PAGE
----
Before putting new products on the shelves, try to get feedback from some of your most loyal customers.
LAURA WATILO BLAKE

How many times has a restaurant you frequent removed your very favorite item from the menu without asking you? That’s the worst! Why didn’t they ask you? Don’t they care? How and why did they make the decision without you?! I wonder how many restaurants take time to collaborate with customers before they make significant menu changes.

Taking your favorite dish off the menu wasn’t done for your benefit. It was done for the restaurant’s benefit, probably without any explanation offered to customers. Yet, powerful innovation and change comes from doing what’s best for the customer, with the customer’s input.

Change is hard, especially for the independent garden center industry. It’s a fair bet that many of your customers or yet-to-be customers wish you’d think more about innovation, and probably have ideas on how you could improve their shopping experience. You’d be well-served by bringing them into the creative fold. Co-creation doesn’t mean you’re putting your customers in charge of your innovation decisions, but you are giving them a bit of co-ownership when making changes that will benefit them.

So, how do you put co-creation and co-innovation to work in a garden center? Think about the restaurant scenario, but replace the food options with your product selection. How many of you involve customers in your buying decisions before you buy? Most of us hit any number of industry conferences each year. At these behind-the-scenes events, we get to see all the cool, new, upcoming plant varieties and products. Giving your customers a sneak peek at this information presents a grand opportunity for collaboration.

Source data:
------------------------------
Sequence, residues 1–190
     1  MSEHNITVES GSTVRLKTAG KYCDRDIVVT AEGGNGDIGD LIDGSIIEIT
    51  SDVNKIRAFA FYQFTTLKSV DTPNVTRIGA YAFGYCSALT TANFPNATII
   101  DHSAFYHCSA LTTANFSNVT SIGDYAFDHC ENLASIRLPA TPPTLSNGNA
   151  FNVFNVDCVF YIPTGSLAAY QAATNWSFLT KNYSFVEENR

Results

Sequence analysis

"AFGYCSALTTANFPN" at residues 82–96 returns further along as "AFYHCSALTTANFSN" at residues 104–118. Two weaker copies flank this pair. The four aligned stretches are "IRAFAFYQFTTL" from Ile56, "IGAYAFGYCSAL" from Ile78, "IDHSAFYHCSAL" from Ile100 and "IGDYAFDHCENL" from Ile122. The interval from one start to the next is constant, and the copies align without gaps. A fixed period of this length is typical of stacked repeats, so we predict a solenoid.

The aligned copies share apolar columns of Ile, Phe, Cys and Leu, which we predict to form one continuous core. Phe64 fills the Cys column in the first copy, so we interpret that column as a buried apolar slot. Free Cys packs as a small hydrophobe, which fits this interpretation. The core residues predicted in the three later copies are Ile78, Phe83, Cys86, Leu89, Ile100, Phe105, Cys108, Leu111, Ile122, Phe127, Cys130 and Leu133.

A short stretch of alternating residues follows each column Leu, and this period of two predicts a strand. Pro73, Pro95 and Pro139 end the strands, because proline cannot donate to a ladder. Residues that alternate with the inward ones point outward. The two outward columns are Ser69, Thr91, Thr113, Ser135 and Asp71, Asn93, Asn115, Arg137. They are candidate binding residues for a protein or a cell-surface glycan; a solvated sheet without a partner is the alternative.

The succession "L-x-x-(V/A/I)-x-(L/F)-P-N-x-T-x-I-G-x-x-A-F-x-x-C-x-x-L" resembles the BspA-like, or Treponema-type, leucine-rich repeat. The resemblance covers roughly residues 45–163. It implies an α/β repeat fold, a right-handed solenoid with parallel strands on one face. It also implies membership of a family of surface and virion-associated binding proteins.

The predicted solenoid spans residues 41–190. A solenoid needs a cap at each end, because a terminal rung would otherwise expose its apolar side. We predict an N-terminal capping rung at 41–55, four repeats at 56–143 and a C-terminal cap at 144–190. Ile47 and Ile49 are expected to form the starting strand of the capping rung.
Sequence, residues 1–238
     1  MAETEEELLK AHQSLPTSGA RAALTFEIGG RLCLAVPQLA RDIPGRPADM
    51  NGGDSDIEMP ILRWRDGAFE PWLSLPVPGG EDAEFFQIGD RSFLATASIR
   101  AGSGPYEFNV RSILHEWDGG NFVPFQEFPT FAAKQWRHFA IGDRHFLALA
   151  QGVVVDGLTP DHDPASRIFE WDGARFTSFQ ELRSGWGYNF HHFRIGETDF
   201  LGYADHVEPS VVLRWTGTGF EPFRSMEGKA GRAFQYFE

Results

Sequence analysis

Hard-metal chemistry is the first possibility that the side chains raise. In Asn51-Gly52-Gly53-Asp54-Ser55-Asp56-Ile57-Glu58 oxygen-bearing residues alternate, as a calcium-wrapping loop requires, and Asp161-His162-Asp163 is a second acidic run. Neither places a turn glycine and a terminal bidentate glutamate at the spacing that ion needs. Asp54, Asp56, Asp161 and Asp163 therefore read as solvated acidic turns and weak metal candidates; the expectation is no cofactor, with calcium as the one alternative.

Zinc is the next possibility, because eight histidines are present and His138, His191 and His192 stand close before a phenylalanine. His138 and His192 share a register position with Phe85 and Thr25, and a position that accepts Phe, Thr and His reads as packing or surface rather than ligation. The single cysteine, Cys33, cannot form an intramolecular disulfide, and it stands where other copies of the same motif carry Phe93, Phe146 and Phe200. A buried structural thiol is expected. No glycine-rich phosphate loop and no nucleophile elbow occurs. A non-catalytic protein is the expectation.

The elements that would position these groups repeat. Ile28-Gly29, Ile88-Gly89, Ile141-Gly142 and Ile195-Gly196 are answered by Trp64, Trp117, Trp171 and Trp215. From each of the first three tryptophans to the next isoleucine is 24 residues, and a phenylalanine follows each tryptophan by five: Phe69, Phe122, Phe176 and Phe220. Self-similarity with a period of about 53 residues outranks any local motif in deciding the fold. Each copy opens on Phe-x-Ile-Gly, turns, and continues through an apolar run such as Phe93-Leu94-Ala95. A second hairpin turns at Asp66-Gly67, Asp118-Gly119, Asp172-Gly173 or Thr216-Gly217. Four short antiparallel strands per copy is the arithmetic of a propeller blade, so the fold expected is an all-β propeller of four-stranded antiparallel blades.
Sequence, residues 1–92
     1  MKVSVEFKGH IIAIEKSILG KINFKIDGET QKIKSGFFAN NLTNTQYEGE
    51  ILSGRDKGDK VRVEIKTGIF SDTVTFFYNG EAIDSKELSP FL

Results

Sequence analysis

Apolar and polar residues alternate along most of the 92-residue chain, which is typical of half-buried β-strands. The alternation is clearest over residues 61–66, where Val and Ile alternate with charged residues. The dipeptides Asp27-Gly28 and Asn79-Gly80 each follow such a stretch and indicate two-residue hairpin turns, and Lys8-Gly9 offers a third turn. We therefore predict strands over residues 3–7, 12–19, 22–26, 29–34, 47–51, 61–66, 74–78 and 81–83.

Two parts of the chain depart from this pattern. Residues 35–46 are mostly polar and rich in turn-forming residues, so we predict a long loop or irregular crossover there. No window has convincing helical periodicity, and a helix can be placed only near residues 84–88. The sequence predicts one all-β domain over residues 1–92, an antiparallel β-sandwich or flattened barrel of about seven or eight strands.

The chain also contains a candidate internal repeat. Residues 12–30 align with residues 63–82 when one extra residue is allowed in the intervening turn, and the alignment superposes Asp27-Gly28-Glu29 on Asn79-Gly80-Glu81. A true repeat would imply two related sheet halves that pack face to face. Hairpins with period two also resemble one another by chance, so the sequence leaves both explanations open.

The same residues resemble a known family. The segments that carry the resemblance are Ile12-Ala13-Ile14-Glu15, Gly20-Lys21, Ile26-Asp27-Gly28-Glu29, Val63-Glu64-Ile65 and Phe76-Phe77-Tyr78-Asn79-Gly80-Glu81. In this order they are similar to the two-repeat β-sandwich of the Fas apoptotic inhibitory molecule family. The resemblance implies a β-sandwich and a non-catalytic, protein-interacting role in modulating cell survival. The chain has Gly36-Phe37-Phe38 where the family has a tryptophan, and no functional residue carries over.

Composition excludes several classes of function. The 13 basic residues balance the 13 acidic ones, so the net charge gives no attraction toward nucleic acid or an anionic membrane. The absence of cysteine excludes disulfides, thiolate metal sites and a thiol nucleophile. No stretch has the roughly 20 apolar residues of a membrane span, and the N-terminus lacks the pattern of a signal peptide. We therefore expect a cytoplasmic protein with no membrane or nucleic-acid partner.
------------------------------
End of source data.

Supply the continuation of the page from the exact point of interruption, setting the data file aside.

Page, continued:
Put together a short video or slideshow that includes previews of standout plant varieties, tools, pottery and other gear, that you can post on social media and include in customer emails. Set specific deadlines for customer responses to your special previews, then shift your buy, or add items, based on the responses. Now, your customers feel like they’ve collaborated with you on buying decisions. They also have something specific to look forward to in the next buying season. This partnership creates opportunities for pre-orders, as well. We all pre-book product when we buy; wouldn’t it be great to see what your customers love before you commit to the inventory?

Test it before you’ve blessed it:

DIY Kits. Did you really know how simple or complex that raised bed kit is to put together before you ordered two pallets of them? Order a few test units and throw a DIY assembly party for a select group of customers. They could earn a 50 percent discount on the item by coming to your event and putting one together with you — a little wine, a little DIY — and if the kit is a hit with your group, then order few pallets. If not, then you know you need to offer an up-sell assembly service or pass on the product.